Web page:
There was a story in the New York Times on January 1st about cloning pets. (”Beloved Pets Everlasting?” by Eric Konigsberg) One of the pet owners waxed poetically about the desirability of enjoying their dog for the equivalent of a human lifetime, as opposed to a dog lifetime. Hmmmm.
Personally, I have a hard time believing that it is possible to ‘clone’ an animal and recreate the same exact set of emotions and personality.
But I will admit that the cloning scenario breathes new life into the old nature vs. nurture debate: Are we (or our pets) the sum of a lifetime of experiences or simply the product of our genes? Or a mixture of both? I opt for the latter, in which case 100% duplication is not possible. Is it?
If we had not adopted a little Jack Russell Terrier recently, I might not be thinking about this at all. He is so friendly to adults and children alike we tend to think he has been very well treated throughout his life, if not genuinely loved. But as far as we can tell, we are his third, possibly his fourth owners. Why has he been passed around so much? It is a riddle.
When I look at him, I can’t help but think that the experiences we have with him today and tomorrow will be unique because he is (and we are). Therefore, the idea of trying to artificially extend our life with him or any beloved pet after its death — through a cloning procedure — strikes me as unrealistic.
Are attempts to clone pets an expression of their owners’ desire to exert superhuman control over mortal events? It sounds a bit like that. But, as an old friend of mine used to ask, how does that affect the price of tea in China? So, let’s just say it seems sad and ironic that in the USA where 5-7 million cats and dogs are being surrendered to shelters every year (like our own little terrier pal) and 3-4 million of them are being euthanized, there is money to be made in cloning dead pets.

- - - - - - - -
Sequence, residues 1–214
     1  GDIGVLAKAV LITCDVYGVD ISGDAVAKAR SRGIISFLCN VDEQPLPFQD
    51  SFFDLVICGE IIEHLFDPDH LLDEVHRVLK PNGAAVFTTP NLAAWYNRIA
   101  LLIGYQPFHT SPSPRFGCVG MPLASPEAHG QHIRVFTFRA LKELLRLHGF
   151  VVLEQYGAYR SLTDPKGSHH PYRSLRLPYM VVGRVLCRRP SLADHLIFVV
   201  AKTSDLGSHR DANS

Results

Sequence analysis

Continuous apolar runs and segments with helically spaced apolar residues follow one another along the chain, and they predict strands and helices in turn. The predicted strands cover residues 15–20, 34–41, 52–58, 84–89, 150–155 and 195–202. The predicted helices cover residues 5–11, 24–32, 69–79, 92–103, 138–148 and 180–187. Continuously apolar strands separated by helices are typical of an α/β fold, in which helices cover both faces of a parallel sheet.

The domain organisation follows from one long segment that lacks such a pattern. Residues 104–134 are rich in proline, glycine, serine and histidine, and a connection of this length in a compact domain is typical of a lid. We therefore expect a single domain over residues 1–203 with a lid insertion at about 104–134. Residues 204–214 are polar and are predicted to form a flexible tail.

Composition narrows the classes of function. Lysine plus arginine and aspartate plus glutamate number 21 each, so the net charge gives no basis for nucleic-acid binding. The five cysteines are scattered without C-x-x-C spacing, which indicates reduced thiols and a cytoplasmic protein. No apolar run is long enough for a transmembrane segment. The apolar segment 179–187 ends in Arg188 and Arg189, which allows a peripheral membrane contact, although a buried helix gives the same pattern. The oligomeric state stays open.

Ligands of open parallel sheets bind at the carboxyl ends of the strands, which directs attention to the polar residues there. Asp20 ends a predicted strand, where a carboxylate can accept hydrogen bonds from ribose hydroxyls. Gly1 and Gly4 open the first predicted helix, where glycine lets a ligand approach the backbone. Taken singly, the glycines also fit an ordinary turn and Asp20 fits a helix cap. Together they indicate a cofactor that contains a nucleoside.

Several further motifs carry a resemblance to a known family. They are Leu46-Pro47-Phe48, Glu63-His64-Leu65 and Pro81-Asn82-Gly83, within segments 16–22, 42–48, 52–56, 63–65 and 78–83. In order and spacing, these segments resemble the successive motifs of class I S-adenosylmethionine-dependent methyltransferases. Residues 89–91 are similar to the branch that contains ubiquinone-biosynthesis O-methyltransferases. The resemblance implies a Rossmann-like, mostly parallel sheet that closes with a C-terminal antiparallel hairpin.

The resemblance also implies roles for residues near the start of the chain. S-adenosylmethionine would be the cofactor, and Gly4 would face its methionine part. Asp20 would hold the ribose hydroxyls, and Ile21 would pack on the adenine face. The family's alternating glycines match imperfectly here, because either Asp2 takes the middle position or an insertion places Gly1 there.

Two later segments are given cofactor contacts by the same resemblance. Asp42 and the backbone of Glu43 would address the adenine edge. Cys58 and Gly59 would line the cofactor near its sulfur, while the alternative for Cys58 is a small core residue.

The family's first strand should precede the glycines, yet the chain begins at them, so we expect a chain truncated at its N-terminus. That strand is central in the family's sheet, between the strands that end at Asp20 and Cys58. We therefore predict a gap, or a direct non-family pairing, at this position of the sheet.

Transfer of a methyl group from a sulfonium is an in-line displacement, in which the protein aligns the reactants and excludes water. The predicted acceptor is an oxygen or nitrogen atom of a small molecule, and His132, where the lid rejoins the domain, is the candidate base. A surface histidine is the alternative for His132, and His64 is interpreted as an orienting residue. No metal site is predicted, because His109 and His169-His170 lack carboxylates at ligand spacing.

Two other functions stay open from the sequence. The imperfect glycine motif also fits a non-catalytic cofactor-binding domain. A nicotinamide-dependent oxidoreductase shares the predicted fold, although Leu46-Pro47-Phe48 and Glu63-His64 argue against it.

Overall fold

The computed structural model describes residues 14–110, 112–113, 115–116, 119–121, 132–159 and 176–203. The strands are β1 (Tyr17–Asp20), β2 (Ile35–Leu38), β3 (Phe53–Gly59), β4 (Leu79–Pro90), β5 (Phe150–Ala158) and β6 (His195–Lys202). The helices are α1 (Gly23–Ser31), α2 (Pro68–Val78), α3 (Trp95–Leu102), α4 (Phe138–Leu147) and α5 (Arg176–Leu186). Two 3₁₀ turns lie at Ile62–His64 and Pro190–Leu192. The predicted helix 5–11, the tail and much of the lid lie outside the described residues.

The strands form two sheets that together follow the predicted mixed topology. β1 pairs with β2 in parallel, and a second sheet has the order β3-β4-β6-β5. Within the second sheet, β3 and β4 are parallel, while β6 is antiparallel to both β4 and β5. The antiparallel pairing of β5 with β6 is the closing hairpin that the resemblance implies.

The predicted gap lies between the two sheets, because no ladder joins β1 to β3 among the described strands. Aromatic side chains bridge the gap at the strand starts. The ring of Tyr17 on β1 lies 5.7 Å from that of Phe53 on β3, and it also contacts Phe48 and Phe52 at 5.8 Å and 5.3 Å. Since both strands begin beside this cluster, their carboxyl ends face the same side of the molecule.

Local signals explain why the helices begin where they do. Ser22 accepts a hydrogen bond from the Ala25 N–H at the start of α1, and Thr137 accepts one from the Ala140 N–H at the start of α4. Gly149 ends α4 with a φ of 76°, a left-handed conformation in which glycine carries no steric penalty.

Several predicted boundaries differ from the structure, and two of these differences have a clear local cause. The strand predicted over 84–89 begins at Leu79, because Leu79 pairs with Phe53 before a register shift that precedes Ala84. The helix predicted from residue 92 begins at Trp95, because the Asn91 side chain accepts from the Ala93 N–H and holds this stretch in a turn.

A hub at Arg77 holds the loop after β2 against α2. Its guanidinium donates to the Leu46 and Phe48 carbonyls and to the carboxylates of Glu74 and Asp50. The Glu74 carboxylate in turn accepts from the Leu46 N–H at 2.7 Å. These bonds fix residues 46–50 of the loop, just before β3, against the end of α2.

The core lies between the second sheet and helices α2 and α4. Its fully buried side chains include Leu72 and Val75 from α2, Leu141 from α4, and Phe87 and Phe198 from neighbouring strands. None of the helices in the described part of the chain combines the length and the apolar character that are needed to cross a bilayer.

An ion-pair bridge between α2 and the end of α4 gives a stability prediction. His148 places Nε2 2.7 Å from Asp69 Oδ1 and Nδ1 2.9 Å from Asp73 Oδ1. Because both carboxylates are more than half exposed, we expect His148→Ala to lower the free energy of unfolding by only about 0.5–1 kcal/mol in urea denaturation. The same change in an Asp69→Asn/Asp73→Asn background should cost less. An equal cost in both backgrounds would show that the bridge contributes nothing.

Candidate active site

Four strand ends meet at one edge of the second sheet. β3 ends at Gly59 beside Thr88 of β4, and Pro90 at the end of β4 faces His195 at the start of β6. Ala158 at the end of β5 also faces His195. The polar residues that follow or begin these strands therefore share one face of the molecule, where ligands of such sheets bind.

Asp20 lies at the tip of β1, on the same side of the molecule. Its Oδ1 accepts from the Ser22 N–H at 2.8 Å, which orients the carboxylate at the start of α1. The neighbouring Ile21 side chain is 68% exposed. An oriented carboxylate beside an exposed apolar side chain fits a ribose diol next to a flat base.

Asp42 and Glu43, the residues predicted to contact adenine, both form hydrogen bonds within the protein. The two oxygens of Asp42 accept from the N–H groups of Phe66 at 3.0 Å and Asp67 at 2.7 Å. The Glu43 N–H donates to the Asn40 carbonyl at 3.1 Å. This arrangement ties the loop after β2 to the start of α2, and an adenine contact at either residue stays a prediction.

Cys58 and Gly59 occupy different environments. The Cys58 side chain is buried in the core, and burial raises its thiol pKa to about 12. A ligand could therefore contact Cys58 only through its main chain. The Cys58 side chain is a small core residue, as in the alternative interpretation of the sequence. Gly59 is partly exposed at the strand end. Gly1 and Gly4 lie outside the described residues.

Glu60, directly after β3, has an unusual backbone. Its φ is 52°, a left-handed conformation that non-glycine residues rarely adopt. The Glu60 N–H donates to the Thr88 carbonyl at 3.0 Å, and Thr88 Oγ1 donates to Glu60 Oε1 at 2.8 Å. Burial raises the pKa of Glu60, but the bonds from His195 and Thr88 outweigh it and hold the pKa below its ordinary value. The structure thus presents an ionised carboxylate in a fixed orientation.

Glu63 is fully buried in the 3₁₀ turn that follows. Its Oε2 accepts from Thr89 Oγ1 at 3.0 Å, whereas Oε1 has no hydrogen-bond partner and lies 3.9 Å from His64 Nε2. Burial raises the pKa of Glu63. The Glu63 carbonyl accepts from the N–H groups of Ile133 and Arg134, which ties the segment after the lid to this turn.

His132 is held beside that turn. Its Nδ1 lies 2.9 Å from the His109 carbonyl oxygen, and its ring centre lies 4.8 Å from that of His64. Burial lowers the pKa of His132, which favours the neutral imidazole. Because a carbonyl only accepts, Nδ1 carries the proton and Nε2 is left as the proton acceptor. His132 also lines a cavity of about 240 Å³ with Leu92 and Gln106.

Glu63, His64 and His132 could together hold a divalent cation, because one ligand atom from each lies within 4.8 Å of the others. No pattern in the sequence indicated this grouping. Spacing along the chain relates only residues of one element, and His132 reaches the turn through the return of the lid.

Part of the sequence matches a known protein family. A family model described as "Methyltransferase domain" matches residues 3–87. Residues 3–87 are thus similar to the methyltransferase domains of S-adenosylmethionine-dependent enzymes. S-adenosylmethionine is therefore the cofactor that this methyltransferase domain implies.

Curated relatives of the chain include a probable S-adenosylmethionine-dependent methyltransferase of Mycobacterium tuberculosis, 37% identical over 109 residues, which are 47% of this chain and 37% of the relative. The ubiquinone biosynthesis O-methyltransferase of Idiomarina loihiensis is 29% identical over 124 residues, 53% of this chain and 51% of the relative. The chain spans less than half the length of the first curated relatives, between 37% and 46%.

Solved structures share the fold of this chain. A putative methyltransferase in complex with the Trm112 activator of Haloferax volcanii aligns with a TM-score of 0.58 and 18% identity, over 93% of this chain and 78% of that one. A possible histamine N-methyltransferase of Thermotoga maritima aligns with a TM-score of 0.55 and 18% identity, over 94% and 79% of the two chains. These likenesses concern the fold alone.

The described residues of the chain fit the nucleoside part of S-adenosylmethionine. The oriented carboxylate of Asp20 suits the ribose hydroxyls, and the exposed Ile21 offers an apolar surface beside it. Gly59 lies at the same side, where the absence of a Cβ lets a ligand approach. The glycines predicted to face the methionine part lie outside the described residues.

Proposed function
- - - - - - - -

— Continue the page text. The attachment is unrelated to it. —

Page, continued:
Even if I took a hands-off position, “Caveat Emptor. It is not my business if someone wants to spend $150,000 to clone a pet,” I have to believe there is no such thing as replicating a dog’s personality in a cloning experiment. A pet’s personality (not unlike ours) will be a sum of genes and experience and the temperament and knowledge that grows out of that immeasurable brew.
In the case of our dog, we knew he would have a high energy requirement because he is a Jack Russell Terrier and they are thoroughly energetic. We expected him to be an intelligent little guy because his breed is known to be very smart. What we did not expect is that he would have a prenaturally calm disposition and be so well-prepared to bond with us at the relatively advanced age of eight (which is roughly middle age for a JRT).
When we got him, all we knew for sure was that he was loveable. We had no idea that he would insist on welcoming every single person he meets on the street, that he would invariably greet babies by licking their nose, that he would sit rockstill on my lap for hours at a time while I worked on a computer, or that he would be capable of sleeping through the night for eight or more hours curled in a ball on my pillow. These are the unexpected delights and we cannot imagine another dog, never mind a clone, replicating his generous spirit. Maybe that is the way it should be.
Sandy Bodner on January 6th 2009 in Essays